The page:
Thursday, November 24, 2011



Director/Screenplay: Woody Allen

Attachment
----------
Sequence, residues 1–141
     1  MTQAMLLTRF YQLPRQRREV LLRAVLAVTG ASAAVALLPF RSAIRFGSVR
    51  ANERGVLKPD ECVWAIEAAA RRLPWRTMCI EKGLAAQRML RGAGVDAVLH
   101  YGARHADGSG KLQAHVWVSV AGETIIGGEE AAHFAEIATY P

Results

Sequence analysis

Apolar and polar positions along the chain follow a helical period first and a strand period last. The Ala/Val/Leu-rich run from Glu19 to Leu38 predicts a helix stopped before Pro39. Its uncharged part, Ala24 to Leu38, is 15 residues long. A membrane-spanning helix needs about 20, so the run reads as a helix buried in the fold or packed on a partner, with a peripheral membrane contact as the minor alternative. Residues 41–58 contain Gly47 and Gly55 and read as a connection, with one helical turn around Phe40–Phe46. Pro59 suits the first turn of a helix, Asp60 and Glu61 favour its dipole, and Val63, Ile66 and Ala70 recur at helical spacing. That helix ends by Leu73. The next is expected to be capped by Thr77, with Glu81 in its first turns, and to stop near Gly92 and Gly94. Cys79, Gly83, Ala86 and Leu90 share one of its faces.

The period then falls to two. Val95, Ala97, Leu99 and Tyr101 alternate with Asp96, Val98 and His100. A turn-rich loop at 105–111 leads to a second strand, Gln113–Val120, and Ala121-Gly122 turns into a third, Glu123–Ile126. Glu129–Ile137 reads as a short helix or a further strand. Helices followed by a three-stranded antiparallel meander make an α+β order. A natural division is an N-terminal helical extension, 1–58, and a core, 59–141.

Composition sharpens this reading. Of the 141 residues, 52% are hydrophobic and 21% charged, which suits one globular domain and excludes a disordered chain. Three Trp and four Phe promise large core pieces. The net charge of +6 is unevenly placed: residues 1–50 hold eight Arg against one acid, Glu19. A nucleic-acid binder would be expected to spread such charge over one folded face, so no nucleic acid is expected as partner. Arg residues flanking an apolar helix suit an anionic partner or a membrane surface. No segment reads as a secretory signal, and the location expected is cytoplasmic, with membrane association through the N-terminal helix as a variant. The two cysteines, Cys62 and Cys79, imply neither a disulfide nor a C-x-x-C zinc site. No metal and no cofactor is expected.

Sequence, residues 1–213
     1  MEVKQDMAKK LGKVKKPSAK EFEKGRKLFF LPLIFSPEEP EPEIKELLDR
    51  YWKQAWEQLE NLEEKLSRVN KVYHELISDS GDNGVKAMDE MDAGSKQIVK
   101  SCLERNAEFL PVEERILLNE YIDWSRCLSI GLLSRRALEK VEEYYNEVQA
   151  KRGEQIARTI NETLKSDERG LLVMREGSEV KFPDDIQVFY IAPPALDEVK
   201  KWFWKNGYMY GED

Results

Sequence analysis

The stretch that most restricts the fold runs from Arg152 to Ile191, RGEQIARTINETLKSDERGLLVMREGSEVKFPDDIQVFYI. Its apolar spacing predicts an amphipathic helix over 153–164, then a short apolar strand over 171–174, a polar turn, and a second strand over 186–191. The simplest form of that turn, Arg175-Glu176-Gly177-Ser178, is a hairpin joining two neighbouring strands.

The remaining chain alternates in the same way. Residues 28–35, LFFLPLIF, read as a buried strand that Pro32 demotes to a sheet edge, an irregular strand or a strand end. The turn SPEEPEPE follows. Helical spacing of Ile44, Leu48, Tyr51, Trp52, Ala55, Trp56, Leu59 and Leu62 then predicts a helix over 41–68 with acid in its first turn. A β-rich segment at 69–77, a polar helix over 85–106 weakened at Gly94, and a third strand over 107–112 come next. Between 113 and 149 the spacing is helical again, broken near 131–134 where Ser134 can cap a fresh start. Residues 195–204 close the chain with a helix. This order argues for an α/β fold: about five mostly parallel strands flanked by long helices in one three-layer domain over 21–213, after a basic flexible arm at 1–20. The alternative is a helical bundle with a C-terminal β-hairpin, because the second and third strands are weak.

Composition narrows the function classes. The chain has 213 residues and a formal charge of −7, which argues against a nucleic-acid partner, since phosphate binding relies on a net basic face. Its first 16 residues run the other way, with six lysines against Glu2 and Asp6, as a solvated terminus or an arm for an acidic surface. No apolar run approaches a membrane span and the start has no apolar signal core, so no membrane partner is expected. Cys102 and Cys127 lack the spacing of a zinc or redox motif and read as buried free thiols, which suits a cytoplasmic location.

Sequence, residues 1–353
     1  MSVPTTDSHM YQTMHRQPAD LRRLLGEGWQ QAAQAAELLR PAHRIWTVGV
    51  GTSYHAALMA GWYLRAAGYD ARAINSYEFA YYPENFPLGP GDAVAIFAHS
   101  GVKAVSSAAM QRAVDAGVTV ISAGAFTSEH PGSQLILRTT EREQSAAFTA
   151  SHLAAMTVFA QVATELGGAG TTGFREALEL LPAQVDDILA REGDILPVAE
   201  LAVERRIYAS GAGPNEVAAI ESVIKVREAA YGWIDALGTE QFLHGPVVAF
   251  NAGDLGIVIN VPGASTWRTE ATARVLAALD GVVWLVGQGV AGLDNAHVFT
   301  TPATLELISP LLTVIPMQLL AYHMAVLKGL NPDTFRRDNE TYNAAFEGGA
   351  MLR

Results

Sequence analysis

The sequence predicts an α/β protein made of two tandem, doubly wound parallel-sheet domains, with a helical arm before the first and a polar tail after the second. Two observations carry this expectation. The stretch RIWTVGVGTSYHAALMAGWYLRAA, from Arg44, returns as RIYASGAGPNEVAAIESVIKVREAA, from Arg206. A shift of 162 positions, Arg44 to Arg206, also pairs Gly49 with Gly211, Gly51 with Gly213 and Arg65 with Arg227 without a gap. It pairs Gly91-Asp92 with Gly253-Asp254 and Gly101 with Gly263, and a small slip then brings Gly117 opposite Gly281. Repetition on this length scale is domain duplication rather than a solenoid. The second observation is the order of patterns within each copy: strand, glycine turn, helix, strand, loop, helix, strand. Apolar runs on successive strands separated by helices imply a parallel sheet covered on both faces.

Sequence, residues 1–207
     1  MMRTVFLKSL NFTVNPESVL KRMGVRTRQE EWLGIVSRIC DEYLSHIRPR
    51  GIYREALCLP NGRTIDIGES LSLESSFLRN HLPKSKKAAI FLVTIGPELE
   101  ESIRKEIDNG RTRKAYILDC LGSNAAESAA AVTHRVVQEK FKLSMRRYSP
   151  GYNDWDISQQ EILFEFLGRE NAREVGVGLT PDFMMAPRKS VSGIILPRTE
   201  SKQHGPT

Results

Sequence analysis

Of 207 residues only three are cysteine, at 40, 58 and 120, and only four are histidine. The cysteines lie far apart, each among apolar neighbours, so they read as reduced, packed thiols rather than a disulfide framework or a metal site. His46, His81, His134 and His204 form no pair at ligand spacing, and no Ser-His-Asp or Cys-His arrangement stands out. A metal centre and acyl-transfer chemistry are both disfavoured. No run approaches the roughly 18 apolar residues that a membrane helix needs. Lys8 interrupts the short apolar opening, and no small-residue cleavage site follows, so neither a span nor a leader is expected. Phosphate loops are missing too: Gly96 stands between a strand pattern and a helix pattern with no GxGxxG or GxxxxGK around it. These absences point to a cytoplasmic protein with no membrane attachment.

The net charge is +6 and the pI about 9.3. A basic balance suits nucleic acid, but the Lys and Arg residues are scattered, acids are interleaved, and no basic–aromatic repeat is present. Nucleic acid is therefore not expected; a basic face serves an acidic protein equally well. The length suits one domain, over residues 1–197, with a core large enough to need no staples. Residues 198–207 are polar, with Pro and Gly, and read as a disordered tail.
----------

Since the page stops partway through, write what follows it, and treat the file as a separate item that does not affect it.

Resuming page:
“Hannah and Her Sisters,” one of Woody Allen’s best films, is often placed with the comedy label by most, but now it probably seems closer in feeling and story to Woody Allen’s more tragic films, although it’s not exactly a tragedy either. Well, for some... well it depends on how you look at it. The film plays more like an episodic novel with little vignettes separated by irony-laden title cards as the movie, episode by episode outline the pasts, presents and possible futures of it’s characters, all members of the same family in some form or another, and spanning three years beginning, middling, and ending with Thanksgiving dinners. The three sisters are Hannah (Mia Farrow), the happy wife of Elliot (an Oscar-winning Michael Caine), Lee (Barbara Hershey) the depressed wife of an overly reclusive artist (Max von Sydow) and Holly (Oscar-winning Dianne Wiest) a recovering coke-addict actress/caterer/whatever who lacks complete confidence in herself so she resorts to wildly erratic behavior. We also meet Hannah’s ex-husband Mickey (Woody Allen) a hypochondriac who may or may not have something actually wrong with him, and may or may not know how to react either way. And these are just some of the characters that metriculate in and out as life goes on within the family, depending on who’s in most emotional need at the moment. For instance, Elliot who does love Hannah, has developed a crush on Lee, so much so that he must eventually take action. Lee feels trapped being a muse for her somber artist husband, and enjoys the attention and e.e. cummings poems that Elliot recommends her constantly. Hannah is oblivious to his attraction, in part because she’s watching her kids from Mickey and taking care of her parents and their own problems. And speaking of problems, Holly whose catering partner April (Carrie Fisher) has gone with the architect (Sam Waterston, uncredited) she was dating, struggles to stay off drugs by trying to find new ways to be creative, eventually leading to her trying to write, which, like all her sudden and everchanging life-paths, requires borrowing money. Meanwhile, Mickey, after finding out nothing is wrong with him, can’t seem to deal with it and struggles to find some sort of religion for closure, much to the dismay of his deeply Jewish parents, as he looks into everything from Christianity to Hara Krishnas. Mickey doesn’t seem like a key character, but he is the contrast in the film. Everybody else is struggling to live their lives, while Mickey unfortunately has the foresight to see it’s pointlessness at the end. Than there’s Woody Allen, who won his third Oscar for writing the film, and directs in a quiet way that only gets flashy when showing tensions so buried under the surface, some of the characters may not be aware it exists, or ever know for that matter. The movie seems to know the characters better than the characters know themselves, and this is crucial. There’s a particularly amazing scene involving the three sisters who are out to lunch, and Allen uses a steadycam to continually revolving around table, focusing on one sister at a time, and we are the only ones who knows all the secrets the three sisters are hiding from each other. We can see that if certain people were to see each other at the right moments, their problems could be over, but they must all go through the situations and emotional problems on their own. Even once the right people find each other, will it be at the right moment? I think that’s Allen’s point is that the film, and life is a series of moments from one to another. It’s how the emotions experienced during those moments that trigger our actions and thoughts, that makes everything more difficult than it probably should be. I don’t always recall exactly what happens to each character at the end of the film, but I probably shouldn’t anyway, cause depending on emotions and moments, it could all be completely different by the next Thanksgiving.

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